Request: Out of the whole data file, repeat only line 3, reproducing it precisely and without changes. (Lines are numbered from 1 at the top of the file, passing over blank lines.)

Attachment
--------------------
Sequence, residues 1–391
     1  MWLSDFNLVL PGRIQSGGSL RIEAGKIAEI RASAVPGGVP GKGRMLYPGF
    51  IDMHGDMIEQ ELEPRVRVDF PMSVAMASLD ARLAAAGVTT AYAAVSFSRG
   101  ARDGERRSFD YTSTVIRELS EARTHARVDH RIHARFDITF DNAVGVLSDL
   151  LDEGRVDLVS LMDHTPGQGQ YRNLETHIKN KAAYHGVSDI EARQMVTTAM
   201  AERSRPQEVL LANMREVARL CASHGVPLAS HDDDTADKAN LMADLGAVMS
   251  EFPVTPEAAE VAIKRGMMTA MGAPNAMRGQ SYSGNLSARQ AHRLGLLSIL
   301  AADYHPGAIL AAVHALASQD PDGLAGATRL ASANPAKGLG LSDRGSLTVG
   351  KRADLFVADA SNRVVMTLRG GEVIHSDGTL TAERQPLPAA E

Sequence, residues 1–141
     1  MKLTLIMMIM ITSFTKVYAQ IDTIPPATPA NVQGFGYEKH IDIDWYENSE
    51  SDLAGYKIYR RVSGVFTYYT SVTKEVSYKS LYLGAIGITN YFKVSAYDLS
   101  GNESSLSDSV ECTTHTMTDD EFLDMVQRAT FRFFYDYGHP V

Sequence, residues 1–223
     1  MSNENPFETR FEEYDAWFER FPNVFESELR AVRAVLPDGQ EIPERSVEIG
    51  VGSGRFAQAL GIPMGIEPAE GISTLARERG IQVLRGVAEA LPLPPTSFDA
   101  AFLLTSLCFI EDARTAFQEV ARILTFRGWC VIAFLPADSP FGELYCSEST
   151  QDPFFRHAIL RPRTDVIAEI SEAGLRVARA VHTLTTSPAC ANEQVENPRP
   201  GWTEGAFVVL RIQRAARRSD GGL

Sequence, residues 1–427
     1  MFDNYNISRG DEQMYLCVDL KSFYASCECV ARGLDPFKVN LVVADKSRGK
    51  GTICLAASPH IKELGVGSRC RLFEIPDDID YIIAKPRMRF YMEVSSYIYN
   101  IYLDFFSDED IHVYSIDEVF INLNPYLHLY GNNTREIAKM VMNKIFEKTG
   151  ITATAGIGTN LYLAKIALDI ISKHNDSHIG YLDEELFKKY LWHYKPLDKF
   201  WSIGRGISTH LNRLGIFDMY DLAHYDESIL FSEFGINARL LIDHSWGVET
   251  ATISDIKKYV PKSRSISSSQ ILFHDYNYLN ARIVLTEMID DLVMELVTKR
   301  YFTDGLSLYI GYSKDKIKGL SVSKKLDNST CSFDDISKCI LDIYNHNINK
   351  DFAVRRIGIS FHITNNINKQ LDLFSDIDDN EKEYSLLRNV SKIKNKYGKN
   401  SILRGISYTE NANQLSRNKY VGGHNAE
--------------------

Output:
    51  IDMHGDMIEQ ELEPRVRVDF PMSVAMASLD ARLAAAGVTT AYAAVSFSRG